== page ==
1. The Crossing Places by Elly Griffiths
  2. The Dark Water by Parker Bilal
  3. The Deep Blue Good-by by John D. McDonald
  4. Friday the Rabbi Slept Late by Harry Kemelman
  5. The League of Frightened Men by Nero Wolfe
  6. The Rubber Band by Nero Wolfe

I also got two more, in print from the library:

  1. Death at La Fenice by Donna Leon
  2. The Infidel Stain by M.J Carter

And one other ebook that only was available in a pub format, Ratking by Michael Dibdin, that I downloaded to my phone.

So with all those choices, how have I been doing?

Well…

Ahem….

I’m….

Um, yeah…

At zero.

I got sidetracked by an Icelandic murder mystery, Trapped, now available on Amazon Prime, and originally on BBC 4. But hey, it does have subtitles so I have been reading and still will be if when I watch more later today.

Unfortunately, much of my morning has been taken up by writing this blog post (thanks to a laptop with outdated software –  Vista – which is extremely slow and missing letters on the keyboard) and not unfortunately, but fortunately this afternoon, my wife is in a couple of radio plays with a local theater troupe that I will be going to see (and hear).

ManofbronzebamaThe actors stand in front of microphones and recite the lines, just as they would in “Radio Days.” Altogether, there are 33 episodes, from old shows like The Shadow to a few locally directed and written originals, and run this weekend and next weekend. I went to the first night, Friday, too and enjoyed the episodes then, especially The Shadow and Doc Savage, the latter of which I read some in novel form as a teenager.

So all that to say, it is unlikely that I’ll be moving that rubber tree plant (the readathon) today. At least, though, I have plenty of choices for my next read, which hopefully I’ll start later this week, maybe even as early as tomorrow.

How about you? Are you participating in this weekend’s readathon? If so, how are you doing? Best book? If not, reading anything good? Listening to anything good? Watching anything good? Let me (and the rest of my readers) know in the comments.

Signed up for # 24in48 

readathon1I haven’t read a book yet this month, but I did sign up for the 24in48 Readathon, coming up in a couple of weeks, July 22 and 23. So there is hope for my reading yet.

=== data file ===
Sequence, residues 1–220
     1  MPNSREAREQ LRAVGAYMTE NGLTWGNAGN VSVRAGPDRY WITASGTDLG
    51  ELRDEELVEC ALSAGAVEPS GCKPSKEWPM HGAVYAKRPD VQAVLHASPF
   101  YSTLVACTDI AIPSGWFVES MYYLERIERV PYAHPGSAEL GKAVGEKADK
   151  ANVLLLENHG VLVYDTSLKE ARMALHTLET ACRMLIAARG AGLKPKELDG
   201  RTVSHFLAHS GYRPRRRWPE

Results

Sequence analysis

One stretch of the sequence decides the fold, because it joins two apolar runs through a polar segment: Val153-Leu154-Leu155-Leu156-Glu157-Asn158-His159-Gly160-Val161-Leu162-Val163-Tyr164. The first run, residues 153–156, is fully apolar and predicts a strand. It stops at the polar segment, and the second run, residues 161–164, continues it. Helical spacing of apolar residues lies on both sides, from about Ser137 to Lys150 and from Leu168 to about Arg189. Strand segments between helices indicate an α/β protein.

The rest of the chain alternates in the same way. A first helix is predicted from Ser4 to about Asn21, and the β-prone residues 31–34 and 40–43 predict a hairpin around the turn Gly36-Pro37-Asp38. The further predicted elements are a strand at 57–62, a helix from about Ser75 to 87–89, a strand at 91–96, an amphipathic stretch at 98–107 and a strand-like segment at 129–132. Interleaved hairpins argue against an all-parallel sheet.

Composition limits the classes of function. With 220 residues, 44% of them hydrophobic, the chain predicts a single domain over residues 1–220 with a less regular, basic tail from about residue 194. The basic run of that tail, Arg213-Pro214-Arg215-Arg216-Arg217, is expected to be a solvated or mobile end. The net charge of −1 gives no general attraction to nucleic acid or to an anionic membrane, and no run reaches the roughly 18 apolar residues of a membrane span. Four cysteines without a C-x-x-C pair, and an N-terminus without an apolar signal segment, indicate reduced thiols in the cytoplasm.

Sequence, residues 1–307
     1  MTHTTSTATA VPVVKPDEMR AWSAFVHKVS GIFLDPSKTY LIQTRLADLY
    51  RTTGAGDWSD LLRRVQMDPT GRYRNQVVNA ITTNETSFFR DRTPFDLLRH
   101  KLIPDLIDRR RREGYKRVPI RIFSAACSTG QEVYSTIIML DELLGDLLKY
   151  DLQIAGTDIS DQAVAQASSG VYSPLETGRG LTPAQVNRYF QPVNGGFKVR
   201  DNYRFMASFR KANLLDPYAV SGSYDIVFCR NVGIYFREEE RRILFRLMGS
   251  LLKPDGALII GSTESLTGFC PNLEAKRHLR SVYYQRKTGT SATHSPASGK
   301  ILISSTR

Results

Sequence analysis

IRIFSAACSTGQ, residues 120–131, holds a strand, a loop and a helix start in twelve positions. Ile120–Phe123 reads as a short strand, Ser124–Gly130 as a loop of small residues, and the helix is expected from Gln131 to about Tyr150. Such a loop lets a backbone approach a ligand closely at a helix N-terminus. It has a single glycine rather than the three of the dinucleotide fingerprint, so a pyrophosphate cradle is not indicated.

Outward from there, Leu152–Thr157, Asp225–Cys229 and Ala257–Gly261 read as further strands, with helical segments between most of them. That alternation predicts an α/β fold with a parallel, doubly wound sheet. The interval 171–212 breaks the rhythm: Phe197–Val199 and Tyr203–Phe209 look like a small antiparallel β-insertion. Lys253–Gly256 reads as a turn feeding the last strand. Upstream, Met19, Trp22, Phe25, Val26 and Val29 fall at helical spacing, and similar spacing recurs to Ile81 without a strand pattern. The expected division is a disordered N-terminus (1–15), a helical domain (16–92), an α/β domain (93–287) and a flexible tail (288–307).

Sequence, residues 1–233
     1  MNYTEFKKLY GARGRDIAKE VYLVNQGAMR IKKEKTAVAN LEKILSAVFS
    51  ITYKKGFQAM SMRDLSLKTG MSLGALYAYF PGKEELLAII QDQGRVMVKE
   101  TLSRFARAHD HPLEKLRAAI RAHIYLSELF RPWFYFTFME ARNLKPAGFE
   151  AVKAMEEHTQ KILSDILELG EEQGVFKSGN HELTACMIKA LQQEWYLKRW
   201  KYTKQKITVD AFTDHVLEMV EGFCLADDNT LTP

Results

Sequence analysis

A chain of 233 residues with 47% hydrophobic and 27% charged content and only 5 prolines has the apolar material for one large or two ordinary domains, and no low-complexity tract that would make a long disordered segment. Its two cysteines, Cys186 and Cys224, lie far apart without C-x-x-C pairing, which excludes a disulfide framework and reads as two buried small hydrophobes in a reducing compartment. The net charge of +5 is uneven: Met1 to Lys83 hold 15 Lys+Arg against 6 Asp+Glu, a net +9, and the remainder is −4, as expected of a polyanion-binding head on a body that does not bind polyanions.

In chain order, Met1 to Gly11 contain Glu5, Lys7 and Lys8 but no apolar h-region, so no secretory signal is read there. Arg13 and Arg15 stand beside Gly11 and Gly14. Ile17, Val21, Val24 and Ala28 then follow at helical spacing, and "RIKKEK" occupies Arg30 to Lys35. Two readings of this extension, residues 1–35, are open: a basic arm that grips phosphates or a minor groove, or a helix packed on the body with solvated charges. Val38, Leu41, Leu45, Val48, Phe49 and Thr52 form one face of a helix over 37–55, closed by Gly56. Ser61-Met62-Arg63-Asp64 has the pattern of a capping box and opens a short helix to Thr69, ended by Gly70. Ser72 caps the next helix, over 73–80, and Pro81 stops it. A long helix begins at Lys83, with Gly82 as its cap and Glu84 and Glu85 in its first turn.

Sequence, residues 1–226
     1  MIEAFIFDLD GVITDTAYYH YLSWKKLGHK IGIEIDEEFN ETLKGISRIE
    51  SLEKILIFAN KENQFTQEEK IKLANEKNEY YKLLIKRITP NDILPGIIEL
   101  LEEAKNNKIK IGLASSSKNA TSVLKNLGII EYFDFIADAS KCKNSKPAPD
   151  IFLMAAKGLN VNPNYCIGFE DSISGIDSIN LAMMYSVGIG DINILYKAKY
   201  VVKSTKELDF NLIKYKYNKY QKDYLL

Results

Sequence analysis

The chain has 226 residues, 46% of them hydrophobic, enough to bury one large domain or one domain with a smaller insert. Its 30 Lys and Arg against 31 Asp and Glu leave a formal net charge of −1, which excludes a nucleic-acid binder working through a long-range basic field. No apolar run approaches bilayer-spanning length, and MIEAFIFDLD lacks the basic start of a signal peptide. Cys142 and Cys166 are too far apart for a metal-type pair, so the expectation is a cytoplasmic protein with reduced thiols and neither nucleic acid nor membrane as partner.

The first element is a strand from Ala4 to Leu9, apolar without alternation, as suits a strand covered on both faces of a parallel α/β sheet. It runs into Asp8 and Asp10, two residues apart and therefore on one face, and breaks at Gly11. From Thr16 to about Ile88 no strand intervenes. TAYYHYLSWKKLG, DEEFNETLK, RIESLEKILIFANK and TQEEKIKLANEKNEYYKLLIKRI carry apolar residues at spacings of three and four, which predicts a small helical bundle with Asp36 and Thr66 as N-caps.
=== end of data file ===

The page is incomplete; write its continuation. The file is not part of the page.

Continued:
Perhaps helping the cause is yesterday a book that has been on my hold list since April finally became available for me: Dreamland: The True Tale of America’s Opiate Epidemic by Sam Quinones. I don’t read a lot of nonfiction, but since this year I haven’t read a lot period, there is hope here too. The book arrives on the heels of a local onslaught of heroin overdoses because of a “bad batch” within recent weeks. Aside: my wife wrote a blog post on the subject, from her perspective as a 911 dispatcher that is well worth the read.

Not helping the cause is Netflix binge-watching, from ongoing shows like NCIS and Criminal Minds, both of which dropped their most recent seasons earlier than expected, to new shows to us, such as a French crime drama Witnesses. That one had been in and out of my queue for months, but then yesterday on a whim, I decided to give it a try. I enjoyed the first episode so much that I watched it again with my wife so she could watch with me.

Also not helping my reading is my usual genre of crime fiction isn’t holding my attention for some reason. I’m not sure why, except maybe I’m choosing different series that just aren’t as well written or engaging as some of the more established writers and series I often read. However, like with my Netflix watching, I always want to discover things new to me. It’s just that a few of the Netflix finds have been better than my book finds.

Here’s hoping that the upcoming readathon will spur my reading on…

So reading anything good? Watching anything good? Listening to anything good? Share in the comments.